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The Sandy Hook Advisory Commission met again last Friday only to provide a somewhat confusing discussion about the mental health information that has been considered about Newtown shooter, Adam Lanza, by not only the Commission but also the State’s Child Advocate’s Office.
Apparently the Child Advocate’s Office has had the ability to review Lanza’s school records and has put together a “narrative” for the Commission to review. The Commission, on the other hand, has reviewed some, but not all, mental health records and will have the opportunity to review the Child Advocate’s report with the intent of combining information to ensure there are no “omissions.”
This is good news. It’s been nearly two years since the shooting at Sandy Hook and, finally, it appears that some information – if only in narrative form – about Lanza’s mental health may come to light. The question, though, is how much information will be made publicly available?
This is no small issue. Ablechild long has held that the mental health history of Lanza should be made publicly available, if only for the purpose of justifying the State’s enormous increases in mental health services funding that was instituted within months of the shooting.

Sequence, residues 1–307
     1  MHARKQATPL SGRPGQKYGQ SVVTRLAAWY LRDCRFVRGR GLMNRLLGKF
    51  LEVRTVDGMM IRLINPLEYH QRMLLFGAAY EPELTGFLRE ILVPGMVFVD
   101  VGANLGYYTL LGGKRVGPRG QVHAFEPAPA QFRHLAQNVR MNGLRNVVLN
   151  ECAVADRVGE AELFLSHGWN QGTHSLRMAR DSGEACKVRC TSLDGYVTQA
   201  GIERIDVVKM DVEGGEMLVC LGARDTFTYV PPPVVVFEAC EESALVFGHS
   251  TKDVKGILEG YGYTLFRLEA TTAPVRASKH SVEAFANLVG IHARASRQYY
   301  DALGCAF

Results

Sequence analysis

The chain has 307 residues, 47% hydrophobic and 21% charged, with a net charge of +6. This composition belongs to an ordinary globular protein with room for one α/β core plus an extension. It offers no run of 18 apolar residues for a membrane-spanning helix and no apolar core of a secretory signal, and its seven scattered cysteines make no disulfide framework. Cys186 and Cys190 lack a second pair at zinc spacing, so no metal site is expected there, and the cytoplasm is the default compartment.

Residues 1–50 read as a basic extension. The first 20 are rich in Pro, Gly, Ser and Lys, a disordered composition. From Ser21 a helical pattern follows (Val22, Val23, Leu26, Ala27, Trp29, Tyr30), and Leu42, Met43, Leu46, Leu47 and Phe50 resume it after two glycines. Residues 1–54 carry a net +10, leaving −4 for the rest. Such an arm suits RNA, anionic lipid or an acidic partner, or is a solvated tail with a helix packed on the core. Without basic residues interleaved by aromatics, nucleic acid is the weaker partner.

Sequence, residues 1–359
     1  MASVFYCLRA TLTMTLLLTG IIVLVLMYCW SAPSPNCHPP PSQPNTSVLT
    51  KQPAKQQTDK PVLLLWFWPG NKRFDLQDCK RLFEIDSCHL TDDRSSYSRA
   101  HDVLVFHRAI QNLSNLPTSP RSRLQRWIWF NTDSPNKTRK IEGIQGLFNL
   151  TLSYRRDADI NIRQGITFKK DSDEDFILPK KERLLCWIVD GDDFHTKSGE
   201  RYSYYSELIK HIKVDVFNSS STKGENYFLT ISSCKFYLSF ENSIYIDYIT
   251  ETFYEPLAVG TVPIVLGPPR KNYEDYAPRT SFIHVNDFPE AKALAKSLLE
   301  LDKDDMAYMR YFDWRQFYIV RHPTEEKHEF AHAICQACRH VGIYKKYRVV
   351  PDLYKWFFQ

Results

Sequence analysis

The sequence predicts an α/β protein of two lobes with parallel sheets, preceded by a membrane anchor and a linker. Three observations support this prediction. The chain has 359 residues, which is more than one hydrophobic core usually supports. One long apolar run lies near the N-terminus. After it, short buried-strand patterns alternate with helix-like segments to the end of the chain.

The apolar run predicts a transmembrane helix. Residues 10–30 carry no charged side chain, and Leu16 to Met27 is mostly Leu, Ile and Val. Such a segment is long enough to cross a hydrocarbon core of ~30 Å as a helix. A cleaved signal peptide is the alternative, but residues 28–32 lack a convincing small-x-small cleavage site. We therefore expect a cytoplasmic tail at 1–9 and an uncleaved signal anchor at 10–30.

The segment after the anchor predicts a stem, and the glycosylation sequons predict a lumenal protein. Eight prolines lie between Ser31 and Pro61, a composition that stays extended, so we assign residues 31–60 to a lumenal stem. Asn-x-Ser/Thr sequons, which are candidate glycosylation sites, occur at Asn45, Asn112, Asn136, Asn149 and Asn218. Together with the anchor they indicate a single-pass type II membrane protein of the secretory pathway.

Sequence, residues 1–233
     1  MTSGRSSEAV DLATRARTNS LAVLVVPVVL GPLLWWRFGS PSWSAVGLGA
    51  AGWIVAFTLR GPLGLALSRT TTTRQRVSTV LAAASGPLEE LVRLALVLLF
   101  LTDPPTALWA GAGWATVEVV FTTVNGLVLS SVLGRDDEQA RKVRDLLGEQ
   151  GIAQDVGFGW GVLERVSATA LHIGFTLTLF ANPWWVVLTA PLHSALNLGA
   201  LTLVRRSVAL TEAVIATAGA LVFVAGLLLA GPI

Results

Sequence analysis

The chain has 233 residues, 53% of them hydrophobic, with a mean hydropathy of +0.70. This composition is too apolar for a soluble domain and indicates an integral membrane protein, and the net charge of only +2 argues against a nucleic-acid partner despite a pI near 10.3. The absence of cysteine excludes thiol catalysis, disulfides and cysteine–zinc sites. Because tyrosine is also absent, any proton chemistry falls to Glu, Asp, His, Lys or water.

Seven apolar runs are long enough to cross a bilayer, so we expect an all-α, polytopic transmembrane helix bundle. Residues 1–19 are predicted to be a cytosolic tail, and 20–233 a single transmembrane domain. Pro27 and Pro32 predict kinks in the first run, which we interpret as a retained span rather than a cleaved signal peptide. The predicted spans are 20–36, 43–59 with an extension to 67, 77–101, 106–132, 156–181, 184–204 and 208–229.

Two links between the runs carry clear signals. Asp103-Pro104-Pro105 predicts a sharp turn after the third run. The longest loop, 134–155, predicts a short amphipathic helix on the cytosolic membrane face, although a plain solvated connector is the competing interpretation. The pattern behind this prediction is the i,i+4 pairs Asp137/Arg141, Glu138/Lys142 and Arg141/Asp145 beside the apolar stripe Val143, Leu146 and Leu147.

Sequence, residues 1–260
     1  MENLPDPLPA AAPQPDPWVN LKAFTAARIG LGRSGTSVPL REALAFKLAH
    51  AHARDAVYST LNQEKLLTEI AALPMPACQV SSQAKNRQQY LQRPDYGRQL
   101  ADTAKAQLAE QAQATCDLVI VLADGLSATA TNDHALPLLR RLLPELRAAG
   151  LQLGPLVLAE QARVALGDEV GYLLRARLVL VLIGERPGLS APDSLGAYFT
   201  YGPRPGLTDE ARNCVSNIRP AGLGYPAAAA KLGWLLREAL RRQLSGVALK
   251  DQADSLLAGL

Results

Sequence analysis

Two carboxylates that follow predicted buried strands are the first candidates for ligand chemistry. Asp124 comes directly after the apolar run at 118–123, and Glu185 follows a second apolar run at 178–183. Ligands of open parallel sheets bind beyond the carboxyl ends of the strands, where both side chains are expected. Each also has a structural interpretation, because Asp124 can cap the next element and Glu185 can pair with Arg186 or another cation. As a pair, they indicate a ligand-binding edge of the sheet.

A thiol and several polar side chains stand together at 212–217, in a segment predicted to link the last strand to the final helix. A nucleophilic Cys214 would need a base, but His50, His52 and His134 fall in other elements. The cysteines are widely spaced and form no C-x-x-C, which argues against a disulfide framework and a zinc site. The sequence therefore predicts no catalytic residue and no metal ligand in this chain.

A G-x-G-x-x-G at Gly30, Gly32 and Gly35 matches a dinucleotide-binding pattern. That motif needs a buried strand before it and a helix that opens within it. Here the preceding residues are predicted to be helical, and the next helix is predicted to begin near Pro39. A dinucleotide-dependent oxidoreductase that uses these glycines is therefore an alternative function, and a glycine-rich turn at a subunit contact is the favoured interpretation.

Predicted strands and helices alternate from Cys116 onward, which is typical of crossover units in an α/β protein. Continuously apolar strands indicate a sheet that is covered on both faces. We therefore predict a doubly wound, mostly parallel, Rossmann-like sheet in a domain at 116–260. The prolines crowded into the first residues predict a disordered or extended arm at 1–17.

More importantly, though, is Ablechild’s concern that, with all of the costly and sweeping mental health increases, the State’s children will be unnecessarily identified and labeled with mental illnesses, based on the actions of Lanza, of which, the State has provided no supporting information.
In other words, to date, there is no detailed information about Lanza’s mental health, or lack thereof, that would suggest the need for increased mental health services. In fact, based on all available information, it appears that Lanza received mental health services from a very young age and was seen by the best mental health professionals money could buy, including the prestigious Yale Child Study Center.
The problem, as Ablechild has written on numerous occasions, is that there is no publicly available information about Lanza’s mental health services after 1997 – five year prior to the shooting. Will the Sandy Hook Advisory Commission and the Child Advocate’s Office make public any information about the five years leading up to the shooting that so far remains a State secret?
Furthermore, will either entity allow the public to review the “narrative,” and will the supporting documentation be made available for discussion? Because the mental health of the State’s children rests on the information provided by these two groups, it seems inconceivable that Lanza’s actual mental health record would remain shielded in secrecy.
The Sandy Hook Advisory Commission meets again on September 23rd to take up the differences in “narratives” collected by both groups. Ablechild believes the people of Connecticut have a right to know all the details of Lanza’s mental health treatment, especially if it is Lanza’s mental health treatment that has spurred the costly increases.